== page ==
Influence of Phosphorous Poisoning on TWC Catalysts 2003-01-3735
Gasoline engine oils contain a variety of additives including phosphorous-based compounds, for maintaining their characteristics. During the life of the vehicle, oil is consumed via piston ring blowby or leakage from valve stem guides. Phosphorous compounds from the consumed oil end up being deposited on the three way conversion catalysts resulting in a degradation of the conversion efficiencies of all three pollutants, hydrocarbons, carbon monoxide and nitrogen oxides. To simulate this deterioration in performance, an accelerated aging cycle has been developed which replicates the effect of the interaction between the phosphorous species and the washcoat components. This paper describes the poison aging protocol and the effect of aging temperature, poison level and duration of aging.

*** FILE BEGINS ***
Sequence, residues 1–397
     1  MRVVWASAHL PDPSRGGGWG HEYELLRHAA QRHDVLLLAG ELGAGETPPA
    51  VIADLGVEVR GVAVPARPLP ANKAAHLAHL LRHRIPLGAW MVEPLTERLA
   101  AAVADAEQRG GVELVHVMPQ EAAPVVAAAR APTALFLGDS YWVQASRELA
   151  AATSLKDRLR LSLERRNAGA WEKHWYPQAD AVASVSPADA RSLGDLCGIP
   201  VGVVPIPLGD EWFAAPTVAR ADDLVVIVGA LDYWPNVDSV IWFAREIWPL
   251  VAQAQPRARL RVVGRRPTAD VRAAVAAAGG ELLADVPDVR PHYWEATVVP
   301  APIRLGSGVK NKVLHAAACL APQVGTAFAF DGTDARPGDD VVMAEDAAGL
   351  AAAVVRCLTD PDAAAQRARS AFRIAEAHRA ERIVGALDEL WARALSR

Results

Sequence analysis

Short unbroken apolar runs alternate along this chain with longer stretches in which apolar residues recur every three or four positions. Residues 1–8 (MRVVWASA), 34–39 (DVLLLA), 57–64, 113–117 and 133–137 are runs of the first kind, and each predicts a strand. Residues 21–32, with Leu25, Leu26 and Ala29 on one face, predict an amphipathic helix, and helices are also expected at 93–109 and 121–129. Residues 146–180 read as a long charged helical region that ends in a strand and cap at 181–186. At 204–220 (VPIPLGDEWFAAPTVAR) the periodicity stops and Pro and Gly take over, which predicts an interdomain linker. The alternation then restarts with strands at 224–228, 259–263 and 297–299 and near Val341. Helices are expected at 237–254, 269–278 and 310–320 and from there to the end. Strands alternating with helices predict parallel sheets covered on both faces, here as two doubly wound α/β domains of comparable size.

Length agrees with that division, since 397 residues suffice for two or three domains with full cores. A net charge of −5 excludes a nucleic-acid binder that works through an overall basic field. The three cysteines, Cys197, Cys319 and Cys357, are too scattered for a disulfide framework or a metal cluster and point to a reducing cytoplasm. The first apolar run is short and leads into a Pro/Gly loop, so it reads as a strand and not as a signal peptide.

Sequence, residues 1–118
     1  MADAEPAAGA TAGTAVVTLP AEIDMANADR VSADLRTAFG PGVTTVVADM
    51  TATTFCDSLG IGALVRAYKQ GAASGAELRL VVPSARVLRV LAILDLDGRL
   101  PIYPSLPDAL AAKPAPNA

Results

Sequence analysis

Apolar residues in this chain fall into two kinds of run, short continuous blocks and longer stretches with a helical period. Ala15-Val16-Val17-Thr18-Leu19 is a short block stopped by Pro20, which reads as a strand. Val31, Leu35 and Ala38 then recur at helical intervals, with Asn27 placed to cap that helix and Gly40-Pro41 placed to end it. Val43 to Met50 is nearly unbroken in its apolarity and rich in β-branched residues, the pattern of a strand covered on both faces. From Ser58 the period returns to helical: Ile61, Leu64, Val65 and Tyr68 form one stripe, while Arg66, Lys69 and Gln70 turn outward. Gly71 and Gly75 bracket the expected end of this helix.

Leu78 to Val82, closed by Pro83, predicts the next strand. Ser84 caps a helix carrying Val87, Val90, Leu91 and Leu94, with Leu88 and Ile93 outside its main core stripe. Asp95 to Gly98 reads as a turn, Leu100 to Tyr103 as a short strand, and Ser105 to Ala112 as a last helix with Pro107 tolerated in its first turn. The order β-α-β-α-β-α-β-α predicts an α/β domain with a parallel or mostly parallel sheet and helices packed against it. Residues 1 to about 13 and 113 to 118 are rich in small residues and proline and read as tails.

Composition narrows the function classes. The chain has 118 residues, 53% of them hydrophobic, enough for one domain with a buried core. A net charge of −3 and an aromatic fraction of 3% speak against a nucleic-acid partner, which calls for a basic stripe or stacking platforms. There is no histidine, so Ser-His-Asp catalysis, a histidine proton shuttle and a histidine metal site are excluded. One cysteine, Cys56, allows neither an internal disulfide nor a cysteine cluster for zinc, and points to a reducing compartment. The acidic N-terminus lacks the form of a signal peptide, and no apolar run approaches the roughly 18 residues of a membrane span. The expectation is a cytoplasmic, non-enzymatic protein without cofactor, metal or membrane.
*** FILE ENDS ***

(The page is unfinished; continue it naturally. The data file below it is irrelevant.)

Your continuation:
In this paper, we will we also discuss some of the catalyst deactivation mechanisms and methods to simulate them using dynamometer-mounted engines. Methods used for testing dynamometer-aged emissions control systems will also be discussed. We will also show how catalysts are analyzed for deactivation using various analytical laboratory techniques.